Stocks can be highly volatile and some investors wonder why they should take the risk. In your view, what makes stocks a good long-term investment?
Essentially, you’re betting on human ingenuity. Stop and think about how humans progress and how technology and societies move forward. One of the main purposes of Wall Street is to bring together the people who create new inventions and have new ideas with the people who have the capital. The stock market is essentially the place where ideas get funded, and those ideas subsequently change the world.
When you think about the standard of living that has consistently risen over the past century and a half, that typically takes place because some idea is funded and that funded idea becomes a company, and that company continues accessing the capital markets to grow. Its how prices for food and manufactured goods have fallen so significantly over the past century. And the pace of this is accelerating.
The stock market reflects all of the various growth engines of the economy of the country and of the world, and it’s most likely to generate the highest return relative to the risk investors assume over the course of their lifetime.
We live in an age of wonders. I love the idea that capital plus invention equals a raised standard of living with a side dish of dividends and economic growth.
When it comes to investing, most of us are naturally focused on getting the highest returns, but what do you think is really important?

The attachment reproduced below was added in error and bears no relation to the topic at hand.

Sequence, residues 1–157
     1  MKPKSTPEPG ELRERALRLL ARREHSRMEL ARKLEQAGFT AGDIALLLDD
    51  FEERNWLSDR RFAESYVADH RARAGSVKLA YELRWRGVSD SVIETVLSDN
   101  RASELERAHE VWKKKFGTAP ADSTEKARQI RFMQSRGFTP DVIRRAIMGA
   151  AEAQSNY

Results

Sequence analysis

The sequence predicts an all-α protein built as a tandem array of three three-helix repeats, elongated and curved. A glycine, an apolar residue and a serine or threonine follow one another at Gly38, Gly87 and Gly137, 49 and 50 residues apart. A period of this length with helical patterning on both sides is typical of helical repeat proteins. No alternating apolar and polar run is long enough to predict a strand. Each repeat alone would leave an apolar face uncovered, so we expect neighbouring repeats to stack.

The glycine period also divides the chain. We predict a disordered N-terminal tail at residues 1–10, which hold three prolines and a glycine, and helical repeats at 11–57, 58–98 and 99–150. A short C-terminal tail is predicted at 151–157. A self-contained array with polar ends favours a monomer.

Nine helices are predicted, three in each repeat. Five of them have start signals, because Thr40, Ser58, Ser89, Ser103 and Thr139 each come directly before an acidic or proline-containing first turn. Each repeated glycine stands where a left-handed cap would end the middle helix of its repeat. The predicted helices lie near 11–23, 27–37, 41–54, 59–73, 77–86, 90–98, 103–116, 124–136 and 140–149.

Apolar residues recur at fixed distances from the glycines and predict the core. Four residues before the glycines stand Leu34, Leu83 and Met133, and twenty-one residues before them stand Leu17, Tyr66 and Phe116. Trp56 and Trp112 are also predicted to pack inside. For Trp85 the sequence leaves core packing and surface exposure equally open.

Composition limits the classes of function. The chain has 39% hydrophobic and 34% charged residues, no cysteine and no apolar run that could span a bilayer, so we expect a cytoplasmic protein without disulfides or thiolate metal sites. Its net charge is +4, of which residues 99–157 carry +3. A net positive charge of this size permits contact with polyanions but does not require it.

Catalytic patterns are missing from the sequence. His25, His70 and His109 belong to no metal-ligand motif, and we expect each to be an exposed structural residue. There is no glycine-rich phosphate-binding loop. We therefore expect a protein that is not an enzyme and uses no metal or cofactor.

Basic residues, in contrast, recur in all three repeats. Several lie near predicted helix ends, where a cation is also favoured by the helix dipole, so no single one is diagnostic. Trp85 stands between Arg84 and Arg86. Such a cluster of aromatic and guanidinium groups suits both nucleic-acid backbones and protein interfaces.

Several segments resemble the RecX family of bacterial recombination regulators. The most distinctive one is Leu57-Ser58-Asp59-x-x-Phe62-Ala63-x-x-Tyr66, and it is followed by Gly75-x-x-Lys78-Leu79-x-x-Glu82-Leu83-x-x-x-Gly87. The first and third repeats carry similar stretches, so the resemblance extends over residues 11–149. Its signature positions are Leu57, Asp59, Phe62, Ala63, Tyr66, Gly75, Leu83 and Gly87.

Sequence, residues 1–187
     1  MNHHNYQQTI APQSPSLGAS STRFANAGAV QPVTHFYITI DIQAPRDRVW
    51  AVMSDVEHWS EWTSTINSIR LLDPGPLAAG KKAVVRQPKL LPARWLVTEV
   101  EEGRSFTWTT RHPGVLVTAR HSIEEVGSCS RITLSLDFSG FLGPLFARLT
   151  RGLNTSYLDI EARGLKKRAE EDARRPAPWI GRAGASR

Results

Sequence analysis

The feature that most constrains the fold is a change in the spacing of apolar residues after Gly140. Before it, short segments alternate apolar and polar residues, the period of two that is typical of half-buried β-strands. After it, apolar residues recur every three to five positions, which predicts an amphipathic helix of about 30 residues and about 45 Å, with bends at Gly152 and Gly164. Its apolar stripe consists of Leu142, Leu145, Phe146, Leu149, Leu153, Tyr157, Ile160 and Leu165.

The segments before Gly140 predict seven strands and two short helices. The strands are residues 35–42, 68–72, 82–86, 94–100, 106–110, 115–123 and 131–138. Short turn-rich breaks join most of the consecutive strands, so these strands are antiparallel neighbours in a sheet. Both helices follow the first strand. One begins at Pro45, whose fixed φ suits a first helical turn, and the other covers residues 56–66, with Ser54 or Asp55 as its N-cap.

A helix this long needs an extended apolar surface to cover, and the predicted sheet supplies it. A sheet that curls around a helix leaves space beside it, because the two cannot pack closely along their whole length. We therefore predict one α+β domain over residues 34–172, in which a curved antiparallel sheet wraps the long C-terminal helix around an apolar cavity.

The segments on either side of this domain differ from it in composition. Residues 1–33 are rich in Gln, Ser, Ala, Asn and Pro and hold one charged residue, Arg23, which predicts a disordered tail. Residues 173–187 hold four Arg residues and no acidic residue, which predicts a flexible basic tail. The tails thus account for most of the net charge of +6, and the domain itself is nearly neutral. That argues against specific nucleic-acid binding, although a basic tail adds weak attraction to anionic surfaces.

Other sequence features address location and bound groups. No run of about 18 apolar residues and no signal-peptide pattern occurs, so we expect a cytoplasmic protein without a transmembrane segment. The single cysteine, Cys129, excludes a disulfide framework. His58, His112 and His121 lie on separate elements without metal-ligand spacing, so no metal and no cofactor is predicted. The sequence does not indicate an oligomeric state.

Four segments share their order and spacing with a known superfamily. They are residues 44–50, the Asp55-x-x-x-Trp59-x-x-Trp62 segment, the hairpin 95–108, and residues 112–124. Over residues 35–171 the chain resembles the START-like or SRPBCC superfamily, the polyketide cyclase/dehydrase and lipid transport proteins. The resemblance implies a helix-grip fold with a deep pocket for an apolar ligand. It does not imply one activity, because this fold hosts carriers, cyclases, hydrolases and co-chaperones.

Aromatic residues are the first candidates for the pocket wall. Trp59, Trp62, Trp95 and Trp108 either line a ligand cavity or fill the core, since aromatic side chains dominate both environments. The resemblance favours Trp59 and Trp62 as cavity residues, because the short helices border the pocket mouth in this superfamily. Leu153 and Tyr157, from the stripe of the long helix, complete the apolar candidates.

You know, a lot of this goes back to the question: “What is money?” And I think a lot of people really misunderstand that very basic, very simple question. I look at money as a tool. Money exists; people accumulate money or work for money in order to exchange it for certain goods and services. Included in the list of goods and services are things like health care, security, education, experiences, etc. And so to just pursue returns for their own sake, while it’s fun and exciting and certainly entertaining for the people who engage in that, the question is what purpose does that serve for the average investor? And at what cost?
In the pursuit of outperformance, the typical investor underperforms. It seems like a kind of wasted effort with real negative ramifications for most people.
Putting returns aside for a moment, the reality is that most people need to start saving more. And depending on your situation, you may have to ratchet down your expectations of where you’re going to be at the end of a 20-year period.
But again, the relentless pursuit of outperformance, as we’ve seen in so many studies, as so much academic data has shown us, typically generates less returns than merely accepting the overall average market returns.